At last called to account, it tries to deflect responsibility. It blames the evils of modern society. It blames child molesters who have somehow penetrated its ranks in numbers undetected. It blames homosexuals taking holy vows. It blames every one and every thing except itself. It refuses to recognise its own conscious complicity in these crimes, because to do so would require it to act, to end celibacy, end the patriarchal misogyny - and the tragic truth is that it is far more concerned about the loss of its authority, prestige, power and money, than about  the systematic rape of children entrusted to it.

Thus, statements such as the Pope’s and Cardinal Pell’s on HIV/AIDS can only feed the deep suspicion that the Church has no intention of changing, but is actually intent on business as usual, conducted behind the hocus-pocus, smoke and mirrors, Wizard of Oz curtain that is the clutch of superstitions known as its dogma. In the Doublethink of Nineteen-Eighty Four, two plus two equals five. In the Doublethink of Church ideology, God is one and God is three and God is one. And virgin can be a mother. Be so bold as to ask how, and in a cash-registering twinkle of an eye, they’ll tell you it’s a mystery.

Today we celebrate the brilliance and the courage of Giordano Bruno, a man who died more than four centuries ago. And today the once almighty Catholic Church is in utter disrepute around the world - no matter how it phrases it apologies, and tries to reassure with promises of change. 

It knew what was going on. It did nothing. In essence, its popes and cardinals and bishops didn’t think it was a problem, except in terms of public relations. What the Church still fails to recognise is that it cannot be trusted, because its men cannot be trusted not to rape children given into its care. Who in their right mind would let their child go on a camping trip in the company of a Catholic priest now, or even to buy an ice cream? It is not a matter of an apology, but of credibility, of trust, belief and faith. And what is a religion without faith? 

Given the mediaeval attitudes of the Church on AIDS, on celibacy, on women, one can only wonder if it still possessed the legions that Stalin sneered it no longer had, whether it would persecute those who disagreed with it - such as, for argument’s sake, a modern Bruno, for the heresy of handing out condoms and AIDS prevention pamphlets in a street outside a church or Catholic school, in Africa or South America? And one can only suspect that it would burn him again, and keep on burning him, in the absurd and foolish belief that truth and knowledge can somehow be burnt.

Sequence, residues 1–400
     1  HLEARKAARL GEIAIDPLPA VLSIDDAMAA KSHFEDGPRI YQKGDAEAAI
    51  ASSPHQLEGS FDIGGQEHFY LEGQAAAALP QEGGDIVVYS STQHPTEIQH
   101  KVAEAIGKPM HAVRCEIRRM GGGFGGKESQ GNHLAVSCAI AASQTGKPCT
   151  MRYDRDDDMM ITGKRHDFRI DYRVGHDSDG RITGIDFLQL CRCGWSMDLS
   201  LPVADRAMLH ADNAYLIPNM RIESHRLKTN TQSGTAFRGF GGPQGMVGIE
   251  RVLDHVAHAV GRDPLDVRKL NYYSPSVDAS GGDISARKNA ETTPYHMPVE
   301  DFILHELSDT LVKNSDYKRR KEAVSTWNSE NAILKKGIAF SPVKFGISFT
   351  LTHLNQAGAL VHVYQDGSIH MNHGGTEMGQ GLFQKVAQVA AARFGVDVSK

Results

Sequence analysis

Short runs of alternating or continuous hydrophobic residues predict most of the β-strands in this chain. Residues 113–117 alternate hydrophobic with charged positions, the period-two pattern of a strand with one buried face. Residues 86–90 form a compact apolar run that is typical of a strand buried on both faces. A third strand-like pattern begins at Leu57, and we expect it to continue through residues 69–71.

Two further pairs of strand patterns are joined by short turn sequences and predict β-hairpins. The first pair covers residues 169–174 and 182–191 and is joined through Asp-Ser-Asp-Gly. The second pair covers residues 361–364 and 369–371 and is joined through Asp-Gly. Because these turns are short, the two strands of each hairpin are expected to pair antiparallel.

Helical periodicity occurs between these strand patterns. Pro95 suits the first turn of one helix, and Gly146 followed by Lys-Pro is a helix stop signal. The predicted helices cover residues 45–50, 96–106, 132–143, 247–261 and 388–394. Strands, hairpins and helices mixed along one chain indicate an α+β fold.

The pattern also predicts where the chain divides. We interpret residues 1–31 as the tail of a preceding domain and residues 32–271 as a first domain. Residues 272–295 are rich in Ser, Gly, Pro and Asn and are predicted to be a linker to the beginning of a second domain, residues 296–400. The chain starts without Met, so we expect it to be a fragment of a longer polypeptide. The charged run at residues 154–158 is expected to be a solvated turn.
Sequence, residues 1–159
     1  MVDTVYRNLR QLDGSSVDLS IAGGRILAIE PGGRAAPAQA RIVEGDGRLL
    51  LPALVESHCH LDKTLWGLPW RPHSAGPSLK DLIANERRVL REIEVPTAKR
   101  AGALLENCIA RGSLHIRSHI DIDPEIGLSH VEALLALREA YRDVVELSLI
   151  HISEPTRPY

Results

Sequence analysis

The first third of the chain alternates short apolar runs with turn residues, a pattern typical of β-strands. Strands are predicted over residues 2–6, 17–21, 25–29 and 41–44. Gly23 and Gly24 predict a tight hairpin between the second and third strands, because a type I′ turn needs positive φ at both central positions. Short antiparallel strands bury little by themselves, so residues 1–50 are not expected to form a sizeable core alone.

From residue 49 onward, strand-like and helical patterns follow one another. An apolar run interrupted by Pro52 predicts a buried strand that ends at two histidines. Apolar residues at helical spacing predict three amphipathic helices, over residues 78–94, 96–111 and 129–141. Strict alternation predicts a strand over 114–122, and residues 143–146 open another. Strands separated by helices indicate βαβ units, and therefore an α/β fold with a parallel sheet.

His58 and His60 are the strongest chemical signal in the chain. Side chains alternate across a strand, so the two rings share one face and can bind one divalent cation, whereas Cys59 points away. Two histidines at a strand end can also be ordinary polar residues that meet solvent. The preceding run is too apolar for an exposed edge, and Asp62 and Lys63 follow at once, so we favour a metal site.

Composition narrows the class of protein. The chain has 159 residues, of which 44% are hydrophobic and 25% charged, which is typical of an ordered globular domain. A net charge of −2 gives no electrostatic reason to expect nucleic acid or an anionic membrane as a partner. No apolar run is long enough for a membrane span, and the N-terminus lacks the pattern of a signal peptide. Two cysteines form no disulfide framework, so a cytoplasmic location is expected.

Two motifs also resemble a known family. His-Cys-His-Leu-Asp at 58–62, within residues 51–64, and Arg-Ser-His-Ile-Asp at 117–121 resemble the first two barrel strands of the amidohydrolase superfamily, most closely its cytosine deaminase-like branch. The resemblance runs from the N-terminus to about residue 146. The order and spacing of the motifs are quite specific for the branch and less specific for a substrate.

But knowledge will prevail. Like evolution itself, the path of knowledge is not straight, but branching, and only ever extends itself through risk and self-sacrifice, in the lives of those such as the philosopher Giordano Bruno, whose statue now towers over the square of Rome where the Catholic Church murdered him, four centuries ago.

Talk delivered at the Philosophers Corner meeting at Ariel Bookshop, Paddington, Sydney, on 8 July 2010, and to the Western Sydney Freethinkers meeting at the Penrith School of Arts, 18 July 2010. 

The original version was aired on Ockham's Razor, ABC Radio National, on 6 September 2009.

Sunday, July 4, 2010


When 19 year old Japanese student Kiyoko Matsumoto committed suicide by throwing herself into an active volcano in 1933, she could not have foreseen the fad that would follow. Over the next two years hundreds of other young Japanese followed her example, the final tally of deaths being well over three hundred.
In 1935 a journalist for Time magazine reported that Kiyoko Matsumoto had been a sensitive young woman who had been attending a college for girls in Tokyo. When she had confided in her school friend Masako Timoto that she was “bewildered to distraction by the perplexities of maturing womanhood”, her friend suggested she throw herself into a volcano. She escorted Kiyoko to the island of Oshima, some three hours steamer ride from the capital where, having written a final note, Kiyoko duly cast herself down into the molten volcanic cone of Mihara-yama.
The story became a sensation in the Japanese press, and Matsumoto and Timoto instant national identities, and a wave of copy-cat suicides began. The death-toll mounted quickly, and marooned in the eye of a press storm at the tragedy, Masako Timoto quietly died.
Her passing did nothing to stem the deaths, however, and by 1935 Mihara-yama had swallowed up 350 suicides, young males as well as females, and had seen more than 1380 attempts. The section of the volcano lip where people leapt became known as Suicide Point, and steamers did a lively trade ferrying day-trippers out from Tokyo to watch, some of whom it seemed suddenly found themselves unaccountably unable to resist the urge, and themselves jumped.
Part of the problem became identified with what the Japanese called “lesbian suicide”, involving girls who did not know how to deal with lesbian feelings. One group which worked to prevent such deaths said it had saved more than 2,500 girls from “lesbian suicide” by innovations such as houses where they were asked to pause and take stock, dubbed Wait-A-Bits. 

From my book "Dead Famous: Deaths of the Famous and Famous Deaths".